Steam distillation and organic solvent extraction using percolation, maceration and Soxhlet techniques are conventionally used for the extraction of bioactive compounds from plant sources. They are not efficient and economical and this can be overcome by using the supercritical carbon dioxide (SC-CO2) process (Bimakr et al., 2009). Carbon dioxide (critical temperature, pressure and density ~ 31.18 oC, 72.0 bar; 0.47 gcm-3, respectively) is safe, residue free, non-flammable, in expensive and environmentally- friendly (Pyo and Oo, 2007).
The optimization of supercritical fluids for the extraction of natural antioxidants and phenolic compounds from the leaves of C.hystrix has not been reported. Hence, this study was carried out with the objective of optimizing the extraction of the antioxidant and phenolic acids from the leaves of C. hystrix using supercritical carbon dioxide (SC-CO2) fluid extraction by varying and/or fixing known variables associated with the extraction techniques.
2 Materials and Methods
2.1 Reagents used
Folin-Ciocalteu Reagent (FCR) and 1,1-Diphenyl-2-picryl-hydrazyl (DPPH) were purchased from Sigma (St Louis MO USA). Carbone dioxide, (purity 99.99%), containing in a Carbone dioxide dip tube cylinder, was purchased from Malaysian Oxygen (MOX), Malaysia. Absolute ethanol (99.4%, analytical grade), the modifier for SC-CO2 process, acetonitrile and methanol (HPLC grade) as the mobile phase for HPLC and phenolic acids standards (vanillic acid, syringic acid, p-coumaric acid, M-cumeric, trans cinnamic acid, benzoic acid, gallic acid and sinapic acid) were purchased from Fisher Scientific Chemical (Loughborough, England). All other chemicals used were either analytical or HPLC grade.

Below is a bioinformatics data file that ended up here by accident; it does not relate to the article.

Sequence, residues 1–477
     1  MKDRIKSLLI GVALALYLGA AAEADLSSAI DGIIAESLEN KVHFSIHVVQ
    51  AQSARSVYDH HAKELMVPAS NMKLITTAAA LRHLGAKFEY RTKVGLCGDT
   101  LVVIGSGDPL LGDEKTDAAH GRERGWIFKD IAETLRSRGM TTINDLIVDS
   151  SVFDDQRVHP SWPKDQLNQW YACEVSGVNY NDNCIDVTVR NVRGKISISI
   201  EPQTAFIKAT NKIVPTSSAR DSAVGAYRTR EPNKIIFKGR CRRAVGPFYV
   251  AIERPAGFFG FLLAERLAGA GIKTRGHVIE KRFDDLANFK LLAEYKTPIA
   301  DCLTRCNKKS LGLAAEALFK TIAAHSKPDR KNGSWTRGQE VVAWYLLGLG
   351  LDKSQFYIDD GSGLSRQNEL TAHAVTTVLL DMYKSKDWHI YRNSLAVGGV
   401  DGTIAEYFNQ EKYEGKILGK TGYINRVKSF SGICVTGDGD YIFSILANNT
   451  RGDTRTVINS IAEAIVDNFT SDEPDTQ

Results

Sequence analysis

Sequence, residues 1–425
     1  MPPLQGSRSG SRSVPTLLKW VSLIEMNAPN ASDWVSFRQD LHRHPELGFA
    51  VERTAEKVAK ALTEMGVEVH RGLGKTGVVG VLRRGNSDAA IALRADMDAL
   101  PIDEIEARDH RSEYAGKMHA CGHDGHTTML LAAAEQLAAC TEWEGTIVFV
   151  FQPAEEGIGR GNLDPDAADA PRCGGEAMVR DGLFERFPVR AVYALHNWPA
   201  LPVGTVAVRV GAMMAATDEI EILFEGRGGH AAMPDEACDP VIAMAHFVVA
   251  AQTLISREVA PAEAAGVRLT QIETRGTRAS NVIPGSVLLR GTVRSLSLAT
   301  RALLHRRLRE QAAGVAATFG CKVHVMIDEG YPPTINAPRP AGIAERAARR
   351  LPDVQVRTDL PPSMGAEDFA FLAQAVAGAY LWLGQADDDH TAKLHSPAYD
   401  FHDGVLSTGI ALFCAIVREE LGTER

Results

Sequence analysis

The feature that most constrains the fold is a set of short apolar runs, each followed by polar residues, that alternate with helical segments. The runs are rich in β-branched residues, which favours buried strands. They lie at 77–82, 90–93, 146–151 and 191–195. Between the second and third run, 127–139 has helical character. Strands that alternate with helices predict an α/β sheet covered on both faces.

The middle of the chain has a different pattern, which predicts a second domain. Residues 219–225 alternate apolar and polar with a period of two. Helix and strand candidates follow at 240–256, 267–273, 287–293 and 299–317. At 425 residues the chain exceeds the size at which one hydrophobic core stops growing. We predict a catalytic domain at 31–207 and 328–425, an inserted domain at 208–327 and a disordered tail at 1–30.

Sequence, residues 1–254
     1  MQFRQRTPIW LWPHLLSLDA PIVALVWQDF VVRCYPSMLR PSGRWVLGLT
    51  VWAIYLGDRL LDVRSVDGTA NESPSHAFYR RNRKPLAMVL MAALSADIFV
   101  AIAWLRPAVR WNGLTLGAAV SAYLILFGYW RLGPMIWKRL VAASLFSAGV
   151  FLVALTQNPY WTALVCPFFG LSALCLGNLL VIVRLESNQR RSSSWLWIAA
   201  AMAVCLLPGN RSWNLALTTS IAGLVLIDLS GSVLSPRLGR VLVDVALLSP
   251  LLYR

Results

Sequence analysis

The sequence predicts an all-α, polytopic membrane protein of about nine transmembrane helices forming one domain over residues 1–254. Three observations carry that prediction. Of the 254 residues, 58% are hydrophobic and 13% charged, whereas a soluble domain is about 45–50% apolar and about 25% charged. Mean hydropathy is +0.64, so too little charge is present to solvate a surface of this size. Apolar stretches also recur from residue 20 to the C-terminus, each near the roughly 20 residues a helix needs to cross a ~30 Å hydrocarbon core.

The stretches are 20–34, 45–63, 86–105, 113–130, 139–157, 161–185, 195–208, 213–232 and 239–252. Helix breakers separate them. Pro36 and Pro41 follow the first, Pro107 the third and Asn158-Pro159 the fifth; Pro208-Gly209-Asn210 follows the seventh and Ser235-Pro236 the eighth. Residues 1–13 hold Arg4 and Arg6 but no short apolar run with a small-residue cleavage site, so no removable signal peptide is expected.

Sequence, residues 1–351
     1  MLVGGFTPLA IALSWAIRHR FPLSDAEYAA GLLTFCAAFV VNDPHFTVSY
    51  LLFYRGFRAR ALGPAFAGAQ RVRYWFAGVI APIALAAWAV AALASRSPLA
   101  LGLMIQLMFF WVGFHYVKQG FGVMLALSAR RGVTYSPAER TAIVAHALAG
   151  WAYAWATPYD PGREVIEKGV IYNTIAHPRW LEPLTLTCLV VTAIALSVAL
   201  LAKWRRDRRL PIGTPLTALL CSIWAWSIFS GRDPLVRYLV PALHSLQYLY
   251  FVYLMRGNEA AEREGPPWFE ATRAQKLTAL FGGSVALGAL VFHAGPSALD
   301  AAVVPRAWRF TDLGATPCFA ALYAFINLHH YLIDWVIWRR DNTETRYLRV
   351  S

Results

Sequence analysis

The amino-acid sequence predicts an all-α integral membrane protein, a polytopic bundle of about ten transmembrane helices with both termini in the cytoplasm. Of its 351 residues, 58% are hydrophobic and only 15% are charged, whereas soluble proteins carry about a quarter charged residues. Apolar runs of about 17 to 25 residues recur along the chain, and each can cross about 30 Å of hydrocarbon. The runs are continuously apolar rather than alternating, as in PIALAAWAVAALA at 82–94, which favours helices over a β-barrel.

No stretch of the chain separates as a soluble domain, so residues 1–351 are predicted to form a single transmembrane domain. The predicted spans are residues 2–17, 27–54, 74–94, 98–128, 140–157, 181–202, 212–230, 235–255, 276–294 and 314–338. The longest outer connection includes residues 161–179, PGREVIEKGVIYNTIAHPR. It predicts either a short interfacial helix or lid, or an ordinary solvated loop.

2.2 Preparation of Sample
The leaves of C. hystrix were obtained from Pasar Borong, a whole sale market at Puchong, Selangor, Malaysia. Upon arrival at the laboratory, leaves were sorted, washed under running tap water, oven dried at 40°C for 24h and stored at ambient temperature away from the light.
The dried leaves were ground just before extraction in a blender (MX-335, Panasonic, Malaysia) for 10s to produce a powder with an approximate particle size of 0.5mm (Bimak et al., 2009).
2.3 Solvent Extraction
The phenolic compounds in the C. hystrix leaves powder were extracted according to Jamilah et al. (1998) with slight modifications. The first step involved soaking the powder in 95% ethanol for 24h at 50oC at an ethanol to leaf ratio of 10:1 (v/w). The crude extract was then filtered and concentrated by evaporating at 40oC in the rotary evaporator (Eyela, A-1000S, Japan).When the ethanol was evaporated off the concentrated extract was transferred into brown glass bottles, flushed with nitrogen and kept at - 25oC until use. The extraction was carried out in triplicate
2.4 Supercritical Carbon Dioxide (SC-CO2) Extraction